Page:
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Leeuwenkuil Family Vineyards is driven by two resilient forces – quality time and quality wine. We take pride in harnessing our strong family bond along with our shared passion for winemaking to create intriguing and memorable wines from the unique terroir of the Swartland.


THE OWNERS – WILLIE & EMMA DREYER

Willie and Emma Dreyer are the proud owners of Leeuwenkuil Family Vineyards. Their story set off when they met at the age of 16 and together they have built Leeuwenkuil into the successful winery it is today.

Hardworking, passionate farmer Willie has a particularly hands-on approach to wine farming and studiously tends to his land from dusk until dawn. He inherited half of the farm, which back then comprised of 45 hectares of vineyards. Over the past 30 years, Willie, his family and his hard-working team together have built Leeuwenkuil into what it is today – 1250 hectares of thriving vineyards.

Emma grew up a mere two farms north of Leeuwenkuil and has a first-hand grasp of all facets of farming. She is the one who brings the Leeuwenkuil family together, always making sure everyone here is as happy as can be. Emma also loves to read up on genealogical history, through which she was able to discover the true roots of Leeuwenkuil, dating back to the eventful year of 1693.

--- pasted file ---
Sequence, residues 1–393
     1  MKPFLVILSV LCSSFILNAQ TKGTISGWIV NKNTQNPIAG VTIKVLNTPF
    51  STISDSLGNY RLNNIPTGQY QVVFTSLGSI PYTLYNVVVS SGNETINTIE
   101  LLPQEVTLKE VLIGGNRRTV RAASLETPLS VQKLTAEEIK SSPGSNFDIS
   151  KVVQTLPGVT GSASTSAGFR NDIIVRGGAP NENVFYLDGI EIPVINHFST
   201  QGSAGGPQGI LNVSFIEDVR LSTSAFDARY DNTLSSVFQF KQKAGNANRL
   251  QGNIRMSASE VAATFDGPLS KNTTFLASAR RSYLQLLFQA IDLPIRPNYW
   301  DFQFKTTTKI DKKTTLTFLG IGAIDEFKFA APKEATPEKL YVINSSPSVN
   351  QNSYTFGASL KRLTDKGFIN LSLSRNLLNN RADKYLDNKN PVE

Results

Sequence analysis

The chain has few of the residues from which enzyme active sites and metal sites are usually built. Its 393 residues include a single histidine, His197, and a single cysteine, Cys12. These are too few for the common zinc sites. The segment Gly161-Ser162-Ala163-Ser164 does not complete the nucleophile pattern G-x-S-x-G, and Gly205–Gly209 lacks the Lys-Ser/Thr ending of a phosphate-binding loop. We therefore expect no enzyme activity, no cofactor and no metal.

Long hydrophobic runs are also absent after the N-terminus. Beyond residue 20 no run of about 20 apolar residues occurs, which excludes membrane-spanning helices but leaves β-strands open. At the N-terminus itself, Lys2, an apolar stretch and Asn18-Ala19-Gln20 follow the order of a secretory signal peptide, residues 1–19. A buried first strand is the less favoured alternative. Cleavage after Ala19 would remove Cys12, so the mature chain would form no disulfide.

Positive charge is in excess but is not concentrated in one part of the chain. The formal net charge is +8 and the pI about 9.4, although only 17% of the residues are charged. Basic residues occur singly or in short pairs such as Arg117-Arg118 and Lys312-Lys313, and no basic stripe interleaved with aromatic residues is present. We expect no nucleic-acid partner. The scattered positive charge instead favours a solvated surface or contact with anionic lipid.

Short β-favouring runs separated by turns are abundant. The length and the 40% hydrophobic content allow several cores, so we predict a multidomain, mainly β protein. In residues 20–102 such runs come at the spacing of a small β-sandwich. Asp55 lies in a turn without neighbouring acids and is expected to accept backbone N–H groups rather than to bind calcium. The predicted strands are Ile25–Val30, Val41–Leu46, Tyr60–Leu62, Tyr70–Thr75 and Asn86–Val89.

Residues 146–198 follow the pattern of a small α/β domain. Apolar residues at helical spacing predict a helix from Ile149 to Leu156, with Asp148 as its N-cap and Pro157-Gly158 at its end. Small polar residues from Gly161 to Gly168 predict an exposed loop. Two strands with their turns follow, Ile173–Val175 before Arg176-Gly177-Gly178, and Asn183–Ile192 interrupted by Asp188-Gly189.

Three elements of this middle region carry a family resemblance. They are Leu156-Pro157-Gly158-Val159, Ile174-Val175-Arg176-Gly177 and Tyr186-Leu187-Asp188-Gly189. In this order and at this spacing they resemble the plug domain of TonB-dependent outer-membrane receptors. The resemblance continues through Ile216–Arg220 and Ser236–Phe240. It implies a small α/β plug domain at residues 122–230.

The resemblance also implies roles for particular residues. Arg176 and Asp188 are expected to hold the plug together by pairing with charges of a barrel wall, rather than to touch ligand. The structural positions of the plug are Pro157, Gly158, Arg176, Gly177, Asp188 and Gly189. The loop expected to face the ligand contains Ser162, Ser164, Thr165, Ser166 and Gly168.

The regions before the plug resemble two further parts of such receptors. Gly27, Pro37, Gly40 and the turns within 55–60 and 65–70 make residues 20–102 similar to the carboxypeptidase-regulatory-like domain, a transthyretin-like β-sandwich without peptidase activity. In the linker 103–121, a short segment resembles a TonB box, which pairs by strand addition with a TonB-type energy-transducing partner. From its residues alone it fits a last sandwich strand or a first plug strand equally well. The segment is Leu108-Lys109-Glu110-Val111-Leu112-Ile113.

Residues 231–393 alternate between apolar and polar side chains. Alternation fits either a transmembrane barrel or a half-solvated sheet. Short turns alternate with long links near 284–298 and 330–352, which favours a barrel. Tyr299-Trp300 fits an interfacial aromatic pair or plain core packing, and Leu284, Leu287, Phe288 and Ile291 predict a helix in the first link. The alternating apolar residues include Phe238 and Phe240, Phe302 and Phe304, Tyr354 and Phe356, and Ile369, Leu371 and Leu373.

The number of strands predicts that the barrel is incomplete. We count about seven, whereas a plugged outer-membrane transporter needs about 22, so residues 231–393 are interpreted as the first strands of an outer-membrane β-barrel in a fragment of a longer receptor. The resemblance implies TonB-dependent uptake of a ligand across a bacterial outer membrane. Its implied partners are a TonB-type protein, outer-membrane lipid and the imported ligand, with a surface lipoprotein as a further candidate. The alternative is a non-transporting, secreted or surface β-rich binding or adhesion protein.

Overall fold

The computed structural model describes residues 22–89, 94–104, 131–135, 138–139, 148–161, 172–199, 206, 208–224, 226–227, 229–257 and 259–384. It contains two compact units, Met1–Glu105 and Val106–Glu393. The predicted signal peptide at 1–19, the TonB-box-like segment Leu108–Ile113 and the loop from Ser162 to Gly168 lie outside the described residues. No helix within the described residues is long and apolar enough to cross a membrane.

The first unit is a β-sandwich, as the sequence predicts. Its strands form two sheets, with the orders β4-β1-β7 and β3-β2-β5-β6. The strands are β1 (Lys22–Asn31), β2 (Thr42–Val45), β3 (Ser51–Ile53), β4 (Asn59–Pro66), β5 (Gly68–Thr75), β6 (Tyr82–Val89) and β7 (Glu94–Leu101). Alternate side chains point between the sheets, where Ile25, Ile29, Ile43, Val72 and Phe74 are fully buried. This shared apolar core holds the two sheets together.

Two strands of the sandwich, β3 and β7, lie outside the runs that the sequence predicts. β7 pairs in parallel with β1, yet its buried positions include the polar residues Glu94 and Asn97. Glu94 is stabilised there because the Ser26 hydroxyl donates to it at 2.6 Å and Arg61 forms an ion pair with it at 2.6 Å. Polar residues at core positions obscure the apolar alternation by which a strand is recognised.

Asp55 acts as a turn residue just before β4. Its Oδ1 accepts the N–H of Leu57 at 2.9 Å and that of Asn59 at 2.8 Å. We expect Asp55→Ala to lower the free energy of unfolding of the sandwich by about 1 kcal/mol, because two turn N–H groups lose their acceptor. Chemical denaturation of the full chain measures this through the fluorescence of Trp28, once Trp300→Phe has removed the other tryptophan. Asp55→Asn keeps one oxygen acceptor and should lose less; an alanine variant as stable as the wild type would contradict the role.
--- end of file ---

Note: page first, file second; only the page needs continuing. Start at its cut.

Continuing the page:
THE CHILDREN

Willie lives by the belief that “We do not inherit the land from our fathers, but rather borrow it from our children”, which subsequently inspired him to have five of them: Anné, Francisce (or “Pikkels”, as we like to call her), Helanzi, Jonike and Willie (Jnr).

THE FARM

Leeuwenkuil, or “Lion’s Lair”, was given its alluring name as a tribute to the ferocious Cape Lion that roamed the farmlands hunting unsuspecting cattle. Watering holes in the area were frequented by these lions, who posed a great threat to local cattle farmers. Luckily for the Dreyer family, Leeuwenkuil’s land was perfectly suited for growing vineyards.

In 1693, Leeuwenkuil was known as Schinderkuijl. This German name refers to the tradition of gathering materials from demolished buildings or shipwrecks to create something entirely new – as carried out on the farm. Today the buildings on Leeuwenkuil are some of the oldest and most valuable in the entire region.

While the manor house was built using stone, the lintels above the manor doors were sourced from the bottom of a ship’s bow. The Leeuwenkuil courtyard still has the same historical layout as back in 1704 with two long houses, outbuildings and animal pens.

Schinderkuijl was one of the early wine farms of the region and had 8000 vines planted on it. In 1800, following its subdivision, the farm’s name was changed to Leeuwenkuil and in 1851, the charismatic Dreyer family became the new owners. Johan Frederik Dreyer was a direct descendant of Johannes Augustus Dreyer who fled Germany, in 1713. As with any good tale, this adventure involved a woman. Legend has it he had to flee Germany after defeating his opponent in a sword fight over this very woman.